The Church Of The Sea and Rectory
This a re-worked model from a module I have published on Roll20 The Hermit and The Star.
I have attached a version of the map at 2500 pixels. There is also a 5000 pixel version on my Patreon page, here.
Here is the back story from the module about Saint Constantine and his Church
The Church of The Sea
Saint Constantine led a physical life as a cleric, serving his god by smiting evil with his staff and preaching unto the conquered. In later life he became more contemplative and largely gave up the nomadic life of adventure. He came to Palewave, and discovered a sea cave at the headland that he decided to settle in. With help from the town (who remembered his past, and prudently thought it beneficial to have him close by) the Hermitage was built. The cave opening was enclosed with walls creating a modest dwelling with a raised floor and a small shrine. There Saint Constantine would live and perform occasional favors for the Town folk in return for provision of basic foods and wine.
During his meditation on all things, he spent much of his time watching the sea and considering what must lie beneath its waves. He became fascinated by sailors’ stories of mermaids and sea monsters, and began collecting items alleged to have come from the sea folk.
Eventually he reached a point where he was convinced that not only did creatures live beneath the waves, but their souls were lost as no cleric had preached to them of his almighty god. Vowing to remedy this, he began preaching to the Sea, standing on the shore up to his waist in water. His curious behavior brought an audience from the town who sat on the rocks to hear his words. But after a time, this dwindled and he was left alone with the sea gulls and fish.
Then one day, when Saint Constantine walked down to the beach to his normal spot, he was surprised to find a large polished golden bowl, about two feet in diameter. It was lying at the tide line and looked as if it had been placed there. Saint Constantine knew a sign from his god when he saw one, and giving thanks, he picked up the bowl and carried it to the town to show the people and tell them of the blessing.
By the time he had walked to the town, he had conceived the idea of the Church Of The Sea, to be built on the Headland higher up than the Hermitage.
The townsfolk were impressed by the golden bowl and Saint Constantine’s vision of the church. The more pragmatic members thought it would keep him busy and that it would be nice to have a place for weddings and blessings. The fishermen thought that anything that might appease the sea was a good thing.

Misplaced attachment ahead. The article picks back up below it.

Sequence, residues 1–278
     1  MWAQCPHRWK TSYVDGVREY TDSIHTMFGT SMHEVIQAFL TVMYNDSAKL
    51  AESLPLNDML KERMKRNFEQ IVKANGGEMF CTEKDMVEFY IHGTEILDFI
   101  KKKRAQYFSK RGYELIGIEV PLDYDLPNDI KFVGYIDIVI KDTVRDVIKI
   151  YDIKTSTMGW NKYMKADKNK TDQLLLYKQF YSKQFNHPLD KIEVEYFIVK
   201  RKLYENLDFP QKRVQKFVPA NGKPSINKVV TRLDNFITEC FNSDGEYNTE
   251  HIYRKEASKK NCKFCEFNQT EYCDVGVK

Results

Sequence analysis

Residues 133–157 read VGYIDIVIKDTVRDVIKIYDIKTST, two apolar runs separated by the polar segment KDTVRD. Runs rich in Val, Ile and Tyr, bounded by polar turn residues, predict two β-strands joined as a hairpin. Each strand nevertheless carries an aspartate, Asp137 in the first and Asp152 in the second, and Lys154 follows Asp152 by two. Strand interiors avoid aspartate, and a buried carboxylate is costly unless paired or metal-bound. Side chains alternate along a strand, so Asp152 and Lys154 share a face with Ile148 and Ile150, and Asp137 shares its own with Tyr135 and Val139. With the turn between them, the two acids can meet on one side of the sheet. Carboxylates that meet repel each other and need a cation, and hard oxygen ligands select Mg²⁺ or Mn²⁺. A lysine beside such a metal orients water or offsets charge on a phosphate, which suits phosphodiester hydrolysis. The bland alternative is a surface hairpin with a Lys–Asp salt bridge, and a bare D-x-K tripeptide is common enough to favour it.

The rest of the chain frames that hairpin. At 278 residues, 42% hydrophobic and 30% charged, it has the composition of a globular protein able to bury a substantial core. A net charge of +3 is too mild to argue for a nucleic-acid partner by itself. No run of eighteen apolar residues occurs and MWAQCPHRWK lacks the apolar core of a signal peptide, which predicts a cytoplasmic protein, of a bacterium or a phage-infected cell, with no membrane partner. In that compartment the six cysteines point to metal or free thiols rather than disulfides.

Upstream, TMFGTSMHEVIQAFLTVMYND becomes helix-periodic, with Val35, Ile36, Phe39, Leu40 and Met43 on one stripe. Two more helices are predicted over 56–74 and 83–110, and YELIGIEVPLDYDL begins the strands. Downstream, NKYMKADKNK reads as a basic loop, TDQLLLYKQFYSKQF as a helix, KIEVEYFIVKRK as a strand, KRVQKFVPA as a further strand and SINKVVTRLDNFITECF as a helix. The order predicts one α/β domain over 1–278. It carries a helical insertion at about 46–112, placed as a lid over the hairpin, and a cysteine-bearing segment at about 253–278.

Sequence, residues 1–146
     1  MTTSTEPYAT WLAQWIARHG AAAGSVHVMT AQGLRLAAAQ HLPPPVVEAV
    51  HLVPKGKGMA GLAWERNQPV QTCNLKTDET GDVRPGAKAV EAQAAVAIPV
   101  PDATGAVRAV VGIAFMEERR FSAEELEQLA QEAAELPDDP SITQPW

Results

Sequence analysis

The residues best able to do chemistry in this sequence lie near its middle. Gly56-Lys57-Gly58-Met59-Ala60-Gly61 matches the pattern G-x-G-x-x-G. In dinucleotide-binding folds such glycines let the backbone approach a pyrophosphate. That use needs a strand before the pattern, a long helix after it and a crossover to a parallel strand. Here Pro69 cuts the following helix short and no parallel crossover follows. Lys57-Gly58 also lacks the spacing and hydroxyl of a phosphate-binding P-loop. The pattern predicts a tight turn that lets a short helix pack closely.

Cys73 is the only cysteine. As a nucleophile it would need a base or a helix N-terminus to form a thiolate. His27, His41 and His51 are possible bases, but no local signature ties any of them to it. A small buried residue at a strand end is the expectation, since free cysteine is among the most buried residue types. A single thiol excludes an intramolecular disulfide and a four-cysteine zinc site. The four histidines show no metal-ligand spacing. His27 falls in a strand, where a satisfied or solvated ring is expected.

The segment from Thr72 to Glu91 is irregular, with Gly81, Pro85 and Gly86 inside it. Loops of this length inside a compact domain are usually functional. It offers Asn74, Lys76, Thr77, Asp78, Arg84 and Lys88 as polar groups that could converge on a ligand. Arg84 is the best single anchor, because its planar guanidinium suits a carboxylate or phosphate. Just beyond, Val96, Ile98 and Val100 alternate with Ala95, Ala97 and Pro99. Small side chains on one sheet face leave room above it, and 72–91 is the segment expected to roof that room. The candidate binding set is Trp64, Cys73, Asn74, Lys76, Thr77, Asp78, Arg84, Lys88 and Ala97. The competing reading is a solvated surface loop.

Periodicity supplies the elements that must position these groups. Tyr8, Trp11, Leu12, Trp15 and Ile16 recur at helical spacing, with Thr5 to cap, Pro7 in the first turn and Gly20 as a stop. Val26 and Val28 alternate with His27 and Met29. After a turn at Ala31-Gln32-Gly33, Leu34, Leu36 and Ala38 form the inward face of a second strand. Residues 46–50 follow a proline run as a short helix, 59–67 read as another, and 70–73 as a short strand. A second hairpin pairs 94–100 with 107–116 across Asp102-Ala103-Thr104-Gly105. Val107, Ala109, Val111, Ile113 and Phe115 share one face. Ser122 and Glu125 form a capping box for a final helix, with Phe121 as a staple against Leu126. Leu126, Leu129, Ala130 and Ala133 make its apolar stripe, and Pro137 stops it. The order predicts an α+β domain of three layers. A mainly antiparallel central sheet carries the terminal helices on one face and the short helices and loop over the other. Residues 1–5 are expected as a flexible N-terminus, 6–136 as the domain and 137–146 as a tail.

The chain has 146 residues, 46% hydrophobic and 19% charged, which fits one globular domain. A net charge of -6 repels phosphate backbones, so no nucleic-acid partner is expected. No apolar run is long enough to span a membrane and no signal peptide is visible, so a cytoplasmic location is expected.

So, the church was built, and the golden bowl was set in the hands of a statue in the church, being held up as an offering.
Saint Constantine’s faith was stronger than ever and he preached to the sea several times every day standing in the water to his waist. He was not sure quite when it first happened, but he felt that he was being watched and that he thought he could see the shapes of people moving beneath the water’s surface.
He told the town of his vision, which was generally met by the opinion that his nether regions had been affected by standing in cold water for too long. The fishermen kept quiet, and worried about the increasing rate that they were losing their nets.
Then one day, while preaching to the sea, a creature stood up from the water in front of Saint Constantine. It appeared to be something like a fish crossed with a man, for it had large eyes and gills on its neck, webbing under its arms and across its hands. It appeared to listen to Saint Constantine for a time, before turning and disappearing beneath the water.
Not wanting to be ridiculed, Saint Constantine told no one of the fish man. Over the next few days, the fish man would appear, watch for a while and then disappear. After a week, the fish man appeared with a second smaller fish creature who Saint Constantine felt was female. He was delighted by his expanding flock of fish people and became ever the more enthusiastic and forceful in his preaching. Over months, the number of fish people attending increased until up to twenty were present.
At that point, they were discovered by the town, after a town’s woman bringing food came to speak to Saint Constantine on the beach. She ran away screaming about the monsters and told everyone she could – which for an enthusiastic gossip was practically the entire town.
A group of men, lead by the Smith (but not including any of the fishermen), traveled to the beach to see if it was true.
There they saw Saint Constantine standing in the water with his staff, his right arm outstretched towards a semi-circle of monstrous looking creatures. The Smith shouted out in alarm, and being stronger in the arm than above his neck, ran into the water swinging his hammer at the creatures. One stood before him – the story says it was the first that had come to hear Saint Constantine. It made no attack but raised its webbed hands in defense as the Smith struck it with his hammer. The creature collapsed beneath the water and was gone. The Smith turned to see multiple webbed hands rise from the water, grab Saint Constantine and pull him beneath the waves.
There was a brief swirling of the water and bubbles, the sea then became calm other than the waves lapping on the beach. The Smith and the other members of the group searched the water but nothing was found of Saint Constantine or the fish creatures.
The men returned home to tell their story. Saint Constantine was never seen again, but his church raised him to sainthood and recognized the Church of the Sea. A rectory was built near the church, and a priest has served the town and the church to this day, living in the rectory.
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Just to let you know I have a file not found error when I try to download this.